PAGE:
If it’s your first time sea kayaking and you want to launch from somewhere that is relatively calm but offers breathtaking scenery, then head out from the pretty cove of Port Gaverne. You’ll discover remote beaches and coves as you paddle around the coast to neighbouring Port Isaac, known best as the setting of popular TV series, Doc Martin. Unspoiled scenery combines with opportunities to spot all kinds of wildlife to make this kayaking in Cornwall adventure one you’ll definitely be adding to your list of things to do.
Local hire: You’ll be in safe hands with Cornish Rock Tors from whom you can either rent equipment, or, beginners will start their excursion by learning some basic skills from trained professionals, while those with prior experience can book an advance sea kayaking trip to explore further afield, as well SUPs.
Picnic pitstop: At the back of the beach you’ll find the Port Gaverne Hotel, which is lovely, but in this summer weather you’ll be wanting their outside beachside garden restaurant, Pilchards.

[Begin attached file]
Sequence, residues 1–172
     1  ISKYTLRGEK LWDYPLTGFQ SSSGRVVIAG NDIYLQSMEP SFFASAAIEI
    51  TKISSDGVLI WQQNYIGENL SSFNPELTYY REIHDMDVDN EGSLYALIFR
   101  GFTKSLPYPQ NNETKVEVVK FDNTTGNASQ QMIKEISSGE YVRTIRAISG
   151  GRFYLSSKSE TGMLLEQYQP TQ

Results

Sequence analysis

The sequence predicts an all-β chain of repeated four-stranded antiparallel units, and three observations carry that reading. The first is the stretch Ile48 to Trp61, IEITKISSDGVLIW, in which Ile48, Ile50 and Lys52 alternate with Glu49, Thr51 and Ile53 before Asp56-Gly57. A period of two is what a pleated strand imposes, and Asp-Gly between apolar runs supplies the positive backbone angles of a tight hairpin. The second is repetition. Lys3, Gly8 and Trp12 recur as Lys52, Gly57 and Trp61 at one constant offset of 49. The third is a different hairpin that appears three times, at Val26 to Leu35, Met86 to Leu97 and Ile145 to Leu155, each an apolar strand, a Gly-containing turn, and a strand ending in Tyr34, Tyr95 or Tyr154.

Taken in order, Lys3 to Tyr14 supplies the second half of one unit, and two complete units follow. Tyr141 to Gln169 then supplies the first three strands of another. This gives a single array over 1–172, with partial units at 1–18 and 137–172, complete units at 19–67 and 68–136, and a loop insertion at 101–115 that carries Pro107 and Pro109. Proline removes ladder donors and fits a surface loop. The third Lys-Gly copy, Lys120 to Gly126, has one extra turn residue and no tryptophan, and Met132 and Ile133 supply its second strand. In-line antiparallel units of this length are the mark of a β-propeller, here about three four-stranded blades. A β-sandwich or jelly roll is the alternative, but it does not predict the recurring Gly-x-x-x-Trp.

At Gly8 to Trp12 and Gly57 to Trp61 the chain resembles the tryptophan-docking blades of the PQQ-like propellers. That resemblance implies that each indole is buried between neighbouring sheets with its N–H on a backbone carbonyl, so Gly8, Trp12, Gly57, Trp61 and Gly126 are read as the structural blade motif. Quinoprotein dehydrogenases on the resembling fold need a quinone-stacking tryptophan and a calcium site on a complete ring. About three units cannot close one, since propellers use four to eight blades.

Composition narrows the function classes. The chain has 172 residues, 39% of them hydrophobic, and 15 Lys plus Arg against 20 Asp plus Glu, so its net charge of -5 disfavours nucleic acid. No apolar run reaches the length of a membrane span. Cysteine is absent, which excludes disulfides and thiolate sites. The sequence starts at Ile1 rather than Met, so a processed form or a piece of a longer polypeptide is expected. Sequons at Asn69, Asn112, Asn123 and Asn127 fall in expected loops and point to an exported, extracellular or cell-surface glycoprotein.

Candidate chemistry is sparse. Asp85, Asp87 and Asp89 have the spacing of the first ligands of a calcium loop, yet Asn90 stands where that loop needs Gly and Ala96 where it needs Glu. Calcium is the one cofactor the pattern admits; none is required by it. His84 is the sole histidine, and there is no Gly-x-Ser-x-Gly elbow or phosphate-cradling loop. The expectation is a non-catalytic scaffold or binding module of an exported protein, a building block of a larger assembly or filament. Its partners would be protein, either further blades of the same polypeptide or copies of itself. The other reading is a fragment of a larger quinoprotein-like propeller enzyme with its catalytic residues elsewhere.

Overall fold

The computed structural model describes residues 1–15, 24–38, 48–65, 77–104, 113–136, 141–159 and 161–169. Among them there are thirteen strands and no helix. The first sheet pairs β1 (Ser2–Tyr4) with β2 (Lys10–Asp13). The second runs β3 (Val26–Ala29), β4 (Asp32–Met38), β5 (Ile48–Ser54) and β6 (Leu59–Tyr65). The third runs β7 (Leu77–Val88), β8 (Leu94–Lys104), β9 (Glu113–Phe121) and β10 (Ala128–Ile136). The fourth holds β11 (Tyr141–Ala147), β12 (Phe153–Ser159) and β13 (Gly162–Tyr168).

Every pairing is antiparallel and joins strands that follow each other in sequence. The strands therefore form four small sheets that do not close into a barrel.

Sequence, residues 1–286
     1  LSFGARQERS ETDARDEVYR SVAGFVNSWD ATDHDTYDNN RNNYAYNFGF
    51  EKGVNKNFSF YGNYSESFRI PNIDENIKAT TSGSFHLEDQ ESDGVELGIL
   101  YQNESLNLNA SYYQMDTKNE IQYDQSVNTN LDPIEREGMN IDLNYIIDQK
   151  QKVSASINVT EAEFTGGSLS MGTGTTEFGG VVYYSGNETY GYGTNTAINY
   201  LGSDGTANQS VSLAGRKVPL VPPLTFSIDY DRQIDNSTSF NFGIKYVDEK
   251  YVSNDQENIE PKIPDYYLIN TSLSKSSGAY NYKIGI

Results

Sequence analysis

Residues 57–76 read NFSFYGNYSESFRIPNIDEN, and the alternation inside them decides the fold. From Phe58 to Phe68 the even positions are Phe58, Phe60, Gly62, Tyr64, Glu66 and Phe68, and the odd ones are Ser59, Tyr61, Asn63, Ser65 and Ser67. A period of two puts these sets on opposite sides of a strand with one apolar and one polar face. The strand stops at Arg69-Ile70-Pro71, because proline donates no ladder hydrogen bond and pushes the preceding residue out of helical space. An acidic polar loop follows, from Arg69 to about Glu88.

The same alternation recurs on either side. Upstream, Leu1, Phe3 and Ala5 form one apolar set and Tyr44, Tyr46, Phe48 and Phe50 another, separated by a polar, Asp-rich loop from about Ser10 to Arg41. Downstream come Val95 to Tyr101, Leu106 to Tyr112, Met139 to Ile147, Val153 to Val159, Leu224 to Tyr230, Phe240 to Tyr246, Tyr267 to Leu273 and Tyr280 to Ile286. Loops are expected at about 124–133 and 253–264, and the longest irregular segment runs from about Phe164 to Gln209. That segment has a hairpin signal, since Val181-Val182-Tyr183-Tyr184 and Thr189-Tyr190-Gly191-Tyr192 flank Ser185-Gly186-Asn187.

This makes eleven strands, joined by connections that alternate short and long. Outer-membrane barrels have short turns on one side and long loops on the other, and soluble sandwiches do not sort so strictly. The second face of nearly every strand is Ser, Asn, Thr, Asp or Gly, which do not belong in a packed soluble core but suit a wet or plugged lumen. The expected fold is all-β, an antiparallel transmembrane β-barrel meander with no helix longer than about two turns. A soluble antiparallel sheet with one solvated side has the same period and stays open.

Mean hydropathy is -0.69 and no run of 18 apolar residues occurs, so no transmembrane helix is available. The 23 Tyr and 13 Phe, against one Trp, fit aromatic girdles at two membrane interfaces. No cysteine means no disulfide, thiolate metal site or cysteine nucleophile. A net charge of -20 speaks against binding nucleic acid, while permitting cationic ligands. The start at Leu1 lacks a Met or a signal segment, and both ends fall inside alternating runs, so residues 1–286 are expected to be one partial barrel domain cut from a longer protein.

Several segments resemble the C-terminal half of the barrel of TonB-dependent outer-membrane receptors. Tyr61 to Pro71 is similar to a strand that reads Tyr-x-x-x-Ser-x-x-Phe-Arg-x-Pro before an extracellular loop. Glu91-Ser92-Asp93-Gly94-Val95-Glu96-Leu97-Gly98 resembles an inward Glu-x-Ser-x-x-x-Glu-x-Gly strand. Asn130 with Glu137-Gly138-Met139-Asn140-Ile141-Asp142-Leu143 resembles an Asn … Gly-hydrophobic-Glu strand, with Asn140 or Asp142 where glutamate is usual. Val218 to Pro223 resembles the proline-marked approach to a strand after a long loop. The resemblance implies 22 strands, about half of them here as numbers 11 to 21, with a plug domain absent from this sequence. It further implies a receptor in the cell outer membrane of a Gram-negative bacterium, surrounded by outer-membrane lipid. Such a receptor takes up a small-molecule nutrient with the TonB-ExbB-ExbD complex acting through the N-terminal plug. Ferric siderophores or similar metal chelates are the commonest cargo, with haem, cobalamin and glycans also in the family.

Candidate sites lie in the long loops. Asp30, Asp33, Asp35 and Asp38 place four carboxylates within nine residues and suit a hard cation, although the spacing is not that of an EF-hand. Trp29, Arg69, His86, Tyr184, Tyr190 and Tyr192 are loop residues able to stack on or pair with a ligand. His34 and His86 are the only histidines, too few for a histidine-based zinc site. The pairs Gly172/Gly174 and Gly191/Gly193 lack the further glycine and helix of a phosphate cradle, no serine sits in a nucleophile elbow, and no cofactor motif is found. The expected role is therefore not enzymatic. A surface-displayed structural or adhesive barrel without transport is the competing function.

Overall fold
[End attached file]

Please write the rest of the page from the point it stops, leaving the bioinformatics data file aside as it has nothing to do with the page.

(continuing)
Mullion Harbour or Cadgwith Cove, Lizard Peninsula
The wild and wonderful Lizard Peninsula offers plenty of locations where you can launch your own kayak or join a professionally guided tour. The 5-mile stretch of coastline between Mullion Cove (above) and Kynance Cove is truly breathtaking but best reserved for the more experienced kayaker. Due to its exposed position, even on calm days, conditions can be choppy. You’ll glide through clear waters, beneath craggy headlands and beside wide bays, pulling up on quiet beaches for lunch and exploring hidden caves.
Local hire: Lizard Adventure will take care of you and your group for a guided tour, launching from either Mullion Harbour or Cadgwith Cove depending on the conditions. If you have your own kayak or you’re thinking of buying one, they also run sea safety sessions.
Picnic pitstop: Cadgwith Cove is famed for it’s seafood (well, it is a traditional fishing harbour) where you’ll find crab sandwiches at Cadgwith Cove Crab. There’s also a pub if seafood isn’t your thing, or, paddle back round to the Mullion Cove Hotel.
St Mawes, Roseland Peninsular